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Scottish Open champion and links lover Rickie Fowler is all set for St. Andrews

By: | Sun 12 Jul 2015 | Comments


“You know, I'm excited to be here. I love playing links golf” – Rickie Fowler on Tuesday at the Scottish Open

For years, Rickie Fowler has spoken of his love and appreciation for the original form of the sport. Strong performances in Open Championships have shown that his respect for links golf has carried into his game. However, on Sunday, at the magnificent Gullane Golf Club, the Scottish Open would be the event where that reverence and positivity had finally converted itself into a victory.

In a finish that was reminiscent of his startling closing holes at TPC Sawgrass during the conclusion of the recent Players Championship, the likeable and popular Californian birdied three of the last four holes at the East Lothian layout to finish one shot ahead of compatriot Matt Kuchar and Frenchman Raphael Jacquelin.

It was an impressive surge, securing his first win on the European Tour, and positioning himself as one of the form horses ahead of the 144th Open Championship at St. Andrews. This is the first step of a magical double.

Throughout the week, the 26-year-old had referenced the success of his fellow Butch Harmon stablemate, Phil Mickelson, who succeeded in both the Scottish and Open Championships in consecutive weeks back in 2013. It was an inspiration for the younger man. And now Fowler will have the opportunity to match that stunning achievement at the Home of Golf.

“Seeing what he (Phil Mickelson) did a couple years ago. It definitely makes sense to play over here the week before and get acclimated and also play on a links golf course to get used to getting possibly the game ready and just getting a few things straightened out the week prior.”

This victory is the most notable chapter of the Ryder Cup star’s relationship with seaside golf. It began seven years ago at Royal County Down in Northern Ireland during the 2007 Walker Cup, which saw him compete against an equally boyish and wildly haired Rory McIlroy. That week left an impression on the American.

Returning three years later for his debut appearance in the Open Championship, he would finish in a tie for 14th in his debut at golf’s oldest major, impressing many in attendance with his ability to overcome the complications and changeability of the Old Course. That will stand him in good stead when he makes it back to St. Andrews.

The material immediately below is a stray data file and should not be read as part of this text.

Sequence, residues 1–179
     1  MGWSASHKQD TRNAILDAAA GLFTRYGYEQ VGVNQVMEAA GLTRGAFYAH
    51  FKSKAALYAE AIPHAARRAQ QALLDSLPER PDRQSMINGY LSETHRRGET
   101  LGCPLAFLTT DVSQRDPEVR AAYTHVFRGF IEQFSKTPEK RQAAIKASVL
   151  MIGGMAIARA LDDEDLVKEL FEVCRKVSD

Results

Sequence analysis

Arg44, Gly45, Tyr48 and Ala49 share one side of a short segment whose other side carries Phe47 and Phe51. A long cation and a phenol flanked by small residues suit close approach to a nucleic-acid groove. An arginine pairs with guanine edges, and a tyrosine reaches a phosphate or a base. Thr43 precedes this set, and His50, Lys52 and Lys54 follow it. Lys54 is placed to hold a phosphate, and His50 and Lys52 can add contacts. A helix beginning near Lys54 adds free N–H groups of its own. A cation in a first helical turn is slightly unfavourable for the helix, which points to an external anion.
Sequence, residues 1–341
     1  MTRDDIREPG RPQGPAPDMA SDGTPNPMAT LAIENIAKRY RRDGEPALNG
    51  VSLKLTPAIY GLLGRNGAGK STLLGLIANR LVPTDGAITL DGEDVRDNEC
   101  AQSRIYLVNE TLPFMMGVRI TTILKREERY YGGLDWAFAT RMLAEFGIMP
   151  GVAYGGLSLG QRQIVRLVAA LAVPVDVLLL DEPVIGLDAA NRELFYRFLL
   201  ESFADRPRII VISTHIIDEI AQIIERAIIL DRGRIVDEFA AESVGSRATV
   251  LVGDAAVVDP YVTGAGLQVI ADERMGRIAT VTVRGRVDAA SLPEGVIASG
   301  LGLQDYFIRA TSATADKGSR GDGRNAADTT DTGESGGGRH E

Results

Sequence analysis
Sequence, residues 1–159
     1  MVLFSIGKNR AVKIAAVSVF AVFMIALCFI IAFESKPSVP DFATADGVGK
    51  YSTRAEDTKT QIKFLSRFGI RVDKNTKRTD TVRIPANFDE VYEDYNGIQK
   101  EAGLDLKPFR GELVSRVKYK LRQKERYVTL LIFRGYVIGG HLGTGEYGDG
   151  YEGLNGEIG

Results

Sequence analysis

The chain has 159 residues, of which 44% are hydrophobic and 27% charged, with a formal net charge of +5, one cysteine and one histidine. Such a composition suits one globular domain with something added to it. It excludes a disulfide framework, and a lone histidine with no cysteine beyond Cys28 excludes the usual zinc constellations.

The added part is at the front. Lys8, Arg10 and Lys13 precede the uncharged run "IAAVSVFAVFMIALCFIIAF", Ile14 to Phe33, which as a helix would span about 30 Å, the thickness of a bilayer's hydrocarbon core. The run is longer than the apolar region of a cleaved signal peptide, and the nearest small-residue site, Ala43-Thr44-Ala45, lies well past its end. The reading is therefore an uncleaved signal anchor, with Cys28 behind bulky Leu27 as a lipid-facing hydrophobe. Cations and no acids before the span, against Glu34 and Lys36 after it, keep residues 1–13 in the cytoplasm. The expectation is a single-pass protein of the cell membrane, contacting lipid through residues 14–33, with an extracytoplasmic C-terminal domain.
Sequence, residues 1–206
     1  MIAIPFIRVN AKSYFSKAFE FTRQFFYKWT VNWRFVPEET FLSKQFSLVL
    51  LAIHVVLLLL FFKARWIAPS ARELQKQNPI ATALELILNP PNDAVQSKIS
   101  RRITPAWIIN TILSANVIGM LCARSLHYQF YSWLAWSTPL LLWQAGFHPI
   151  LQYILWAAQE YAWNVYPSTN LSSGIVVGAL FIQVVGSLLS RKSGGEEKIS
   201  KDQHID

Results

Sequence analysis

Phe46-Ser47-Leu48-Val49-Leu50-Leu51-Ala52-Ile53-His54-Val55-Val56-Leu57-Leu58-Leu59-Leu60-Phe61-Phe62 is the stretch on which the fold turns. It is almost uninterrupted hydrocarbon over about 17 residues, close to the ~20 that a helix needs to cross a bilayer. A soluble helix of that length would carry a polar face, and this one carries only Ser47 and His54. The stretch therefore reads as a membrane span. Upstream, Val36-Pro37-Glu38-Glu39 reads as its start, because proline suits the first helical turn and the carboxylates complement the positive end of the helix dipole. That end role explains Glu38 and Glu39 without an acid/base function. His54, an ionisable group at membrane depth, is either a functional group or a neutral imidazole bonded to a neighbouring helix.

It was certainly a required skill on Sunday at Gullane, with the increased breeze contrasting dramatically from the benign conditions of earlier in the week. It would be a fair assessment to state that an ability to score and perform in inclement conditions is a critical attribute for anyone who wishes to play consistently on the coast of the British Isles, and Fowler’s aptitude in bad weather was once again clear.

He first exhibited it at Royal St. Georges, where he battled the worst of the wind and rain during Saturday’s third round to eventually finish in a tie for fifth on the Kent coast in 2011. Reflecting on that performance, Fowler stated that mentality is the key to success.

“You've got to be ready for really anything and accept the challenge and try to make it as fun as possible. Everyone is out there dealing with the same thing. So the more fun you can make it, then you can take out most of the field that way.”

Comparative disappointments would later come at Lytham and Muirfield, which came at a time of transition with Fowler making swing adjustments under the tutelage of the legendary Harmon. They began to bear fruit last year, with a stunning set of result in the majors, including a runner-up to Rory McIlroy at Hoylake.

Despite these fine performances, there was a long period in his (still) young career when Fowler was considered to be a representation of style over a substance. He was seen in some circles as simply being a brand, rather than a proper golfer. All of those falsehoods have since been corrected in the past year, with those impressive major showings and two very important victories etched onto his growing CV.

His proficiency for links can be understood for three reasons. His predisposed embrace and enjoyment for the unpredictability and examination required gives him a psychological edge, but his ability to shape the ball and create shots is something that naturally lends itself to good performances on firm courses in windy conditions.

Perhaps more critically, however, is his talent on the seaside greens. Touch on the surfaces was something that long evaded Mickelson, but Fowler has clearly got the head start on his older compatriot, a fact illustrated by the fact he only required 107 putts during the four days at Gullane, an average of 26.75 per round.

Those statistics would certainly go a long way to succeeding on the ancient links of St. Andrews, with the vast double greens testing the putting strength of even the most skilled practitioners.

Winning the Scottish Open also fully closes the book on his disastrous showing at Chambers Bay, with the excessively grandiose nature of that course evidently not sitting well with someone who has shown such a respect and proficiency for a more traditional and sedate form of links golf.

Though not necessarily the precursor for success next week, this victory has firmly placed Fowler in the conversation at St. Andrews. He is now all set to stake his bid or the Claret Jug. And that is exactly what he intended.


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